Far more interesting than Crosswalk's 2006 review is George Barna's list of the 12 Most Significant Religious Findings in 2006. I don't always agree with Barna, and sometimes find him quite irrelevant, but here are some gems in his report:
* "Although large majorities of the public claim to be “deeply spiritual” and say that their religious faith is “very important” in their life, only 15% of those who regularly attend a Christian church ranked their relationship with God as the top priority in their life. As alarming as that finding was, its significance was magnified by research showing that on average pastors believe that 70% of the adults in their congregation consider their relationship with God to be their highest priority in life."
* "The notion of personal holiness has slipped out of the consciousness of the vast majority of Christians. While just 21% of adults consider themselves to be holy, by their own admission large numbers have no idea what “holiness” means and only one out of every three (35%) believe that God expects people to become holy." (This should be particualrly alarming to those of us of Wesleyan tenor, who have for 250 years emphasized the idea of "scriptural holiness".)
* "Evaluating spiritual maturity remains an elusive process for clergy as well as individuals. Across the nation, the only measure of spiritual health used by at least half of all pastors was the extent of volunteer activity or ministry involvement. Adults were no more consistent in their self-examination of their spirituality."
* "Seven out of ten parents claim they are effective at developing the spiritual maturity of their children, but the Barna survey among 8-to-12-year-olds discovered that only one-third of them say a church has made “a positive difference” in their life; one-third contend that prayer is very important in their life; most of them would rather be popular than to do what is morally right. In fact, “tweeners” (those ages 8 to 12) deem their family to be vitally important in their life, but just 57% said they look forward to spending time with their family and only one out of every three say it is easy for them to talk to their parents about things that matter to them."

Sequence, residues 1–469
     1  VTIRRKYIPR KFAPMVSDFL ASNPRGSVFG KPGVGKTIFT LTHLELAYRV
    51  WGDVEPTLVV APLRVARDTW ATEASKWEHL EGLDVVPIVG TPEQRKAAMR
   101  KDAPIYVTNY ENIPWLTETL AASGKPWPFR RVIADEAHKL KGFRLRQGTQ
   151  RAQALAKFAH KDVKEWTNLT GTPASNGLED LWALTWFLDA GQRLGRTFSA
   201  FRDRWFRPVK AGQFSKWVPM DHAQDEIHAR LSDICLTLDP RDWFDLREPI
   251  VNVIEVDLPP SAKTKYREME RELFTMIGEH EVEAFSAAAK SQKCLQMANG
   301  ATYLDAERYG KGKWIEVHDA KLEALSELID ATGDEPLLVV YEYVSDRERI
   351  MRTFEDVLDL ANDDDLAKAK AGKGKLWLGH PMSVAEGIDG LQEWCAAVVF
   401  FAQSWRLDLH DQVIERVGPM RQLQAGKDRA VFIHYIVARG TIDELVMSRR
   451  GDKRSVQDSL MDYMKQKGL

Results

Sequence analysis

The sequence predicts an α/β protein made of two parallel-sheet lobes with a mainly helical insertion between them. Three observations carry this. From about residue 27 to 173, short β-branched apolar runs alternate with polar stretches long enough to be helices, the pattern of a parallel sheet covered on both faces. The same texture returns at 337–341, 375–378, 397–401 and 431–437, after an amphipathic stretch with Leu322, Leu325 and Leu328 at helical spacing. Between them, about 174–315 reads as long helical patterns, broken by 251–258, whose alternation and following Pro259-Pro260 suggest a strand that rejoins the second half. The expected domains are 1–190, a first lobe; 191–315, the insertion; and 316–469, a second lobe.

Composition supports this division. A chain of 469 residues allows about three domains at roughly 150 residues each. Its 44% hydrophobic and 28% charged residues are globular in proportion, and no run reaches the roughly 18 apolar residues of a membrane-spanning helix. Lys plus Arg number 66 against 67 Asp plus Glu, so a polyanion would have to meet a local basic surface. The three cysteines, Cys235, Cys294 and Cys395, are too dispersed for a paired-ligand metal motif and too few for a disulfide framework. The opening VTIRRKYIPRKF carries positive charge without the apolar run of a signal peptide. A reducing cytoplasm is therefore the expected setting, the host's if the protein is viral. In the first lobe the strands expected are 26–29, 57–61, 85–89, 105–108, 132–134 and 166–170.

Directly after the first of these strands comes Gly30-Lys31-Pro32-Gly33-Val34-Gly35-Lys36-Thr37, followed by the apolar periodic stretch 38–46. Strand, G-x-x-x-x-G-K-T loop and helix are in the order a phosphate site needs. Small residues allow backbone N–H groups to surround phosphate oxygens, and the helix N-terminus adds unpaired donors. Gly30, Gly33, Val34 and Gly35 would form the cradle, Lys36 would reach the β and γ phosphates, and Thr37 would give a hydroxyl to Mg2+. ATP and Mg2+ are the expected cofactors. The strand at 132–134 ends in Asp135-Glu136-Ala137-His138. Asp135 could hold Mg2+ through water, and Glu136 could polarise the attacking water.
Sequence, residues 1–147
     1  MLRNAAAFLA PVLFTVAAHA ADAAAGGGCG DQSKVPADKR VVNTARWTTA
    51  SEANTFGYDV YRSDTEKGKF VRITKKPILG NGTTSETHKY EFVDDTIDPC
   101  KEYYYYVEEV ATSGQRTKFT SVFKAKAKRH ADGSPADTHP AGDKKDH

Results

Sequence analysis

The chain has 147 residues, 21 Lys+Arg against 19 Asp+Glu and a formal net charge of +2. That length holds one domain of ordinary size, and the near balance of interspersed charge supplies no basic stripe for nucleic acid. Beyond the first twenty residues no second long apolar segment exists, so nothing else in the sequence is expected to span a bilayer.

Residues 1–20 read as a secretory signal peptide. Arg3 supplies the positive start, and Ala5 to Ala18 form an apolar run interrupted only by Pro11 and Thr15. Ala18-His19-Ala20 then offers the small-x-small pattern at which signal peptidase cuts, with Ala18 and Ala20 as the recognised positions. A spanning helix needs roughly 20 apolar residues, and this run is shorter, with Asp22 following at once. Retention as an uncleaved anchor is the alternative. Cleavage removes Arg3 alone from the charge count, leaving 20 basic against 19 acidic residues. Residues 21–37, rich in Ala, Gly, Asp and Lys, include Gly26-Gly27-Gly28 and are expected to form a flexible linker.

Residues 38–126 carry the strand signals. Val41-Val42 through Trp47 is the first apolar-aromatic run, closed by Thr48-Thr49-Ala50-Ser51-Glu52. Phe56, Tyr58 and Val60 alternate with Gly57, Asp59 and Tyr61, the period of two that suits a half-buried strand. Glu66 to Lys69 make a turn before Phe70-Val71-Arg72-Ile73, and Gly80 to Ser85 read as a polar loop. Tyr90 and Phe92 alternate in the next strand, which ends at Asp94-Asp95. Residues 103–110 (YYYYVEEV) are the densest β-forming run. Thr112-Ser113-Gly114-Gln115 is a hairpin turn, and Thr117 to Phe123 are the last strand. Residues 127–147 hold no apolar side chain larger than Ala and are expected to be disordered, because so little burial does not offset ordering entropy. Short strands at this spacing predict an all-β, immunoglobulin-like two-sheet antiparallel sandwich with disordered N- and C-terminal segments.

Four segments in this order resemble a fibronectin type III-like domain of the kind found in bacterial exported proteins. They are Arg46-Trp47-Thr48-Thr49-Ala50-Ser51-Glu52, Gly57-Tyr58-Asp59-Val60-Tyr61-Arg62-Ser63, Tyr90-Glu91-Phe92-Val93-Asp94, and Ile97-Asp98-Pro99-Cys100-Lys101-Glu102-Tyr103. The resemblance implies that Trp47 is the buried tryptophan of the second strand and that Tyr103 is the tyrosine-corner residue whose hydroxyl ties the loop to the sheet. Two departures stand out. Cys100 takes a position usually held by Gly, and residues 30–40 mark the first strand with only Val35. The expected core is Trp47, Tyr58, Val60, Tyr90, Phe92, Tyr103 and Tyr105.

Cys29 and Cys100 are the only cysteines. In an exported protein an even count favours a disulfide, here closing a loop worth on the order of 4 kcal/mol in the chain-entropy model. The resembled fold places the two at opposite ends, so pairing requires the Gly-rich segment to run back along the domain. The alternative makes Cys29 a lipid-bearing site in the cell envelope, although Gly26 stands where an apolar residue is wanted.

* "Relatively few people – just one out of every six – believe that spiritual maturity is meant to be developed within the context of a local church or within the context of a community of faith." (As Sting sang in 1991, "Men go crazy in congregations; they only get better one by one.")
There are some real challenges here. I don't think the institutional Church is of much help in addressing these issues; our Charge Conference forms and statistical reports don't ask how we are dealing with these and other substantive issues, being far more concerned about the minutiae of how much money was collected in loose change as opposed to offering envelopes, and the like.
Thankfully, in Western PA Conference, our bishop seems to have the desire to lead change. He doesn't seem to want to free us from institutional shackles as much as redefine those "shackles" to include freedom, creativity, and a recapturing of the missional heart.
The concern, of course, is that we simply redfine the institution while still being shackled by its heavy responibilities (not all of which are negative, of course). So, a new year's prayer for Bishop Bickerton and the Conference is in order. Let's keep praying in 2007!
On to Part 3 (Western PA Conference) or back to Part 1 (Crosswalk).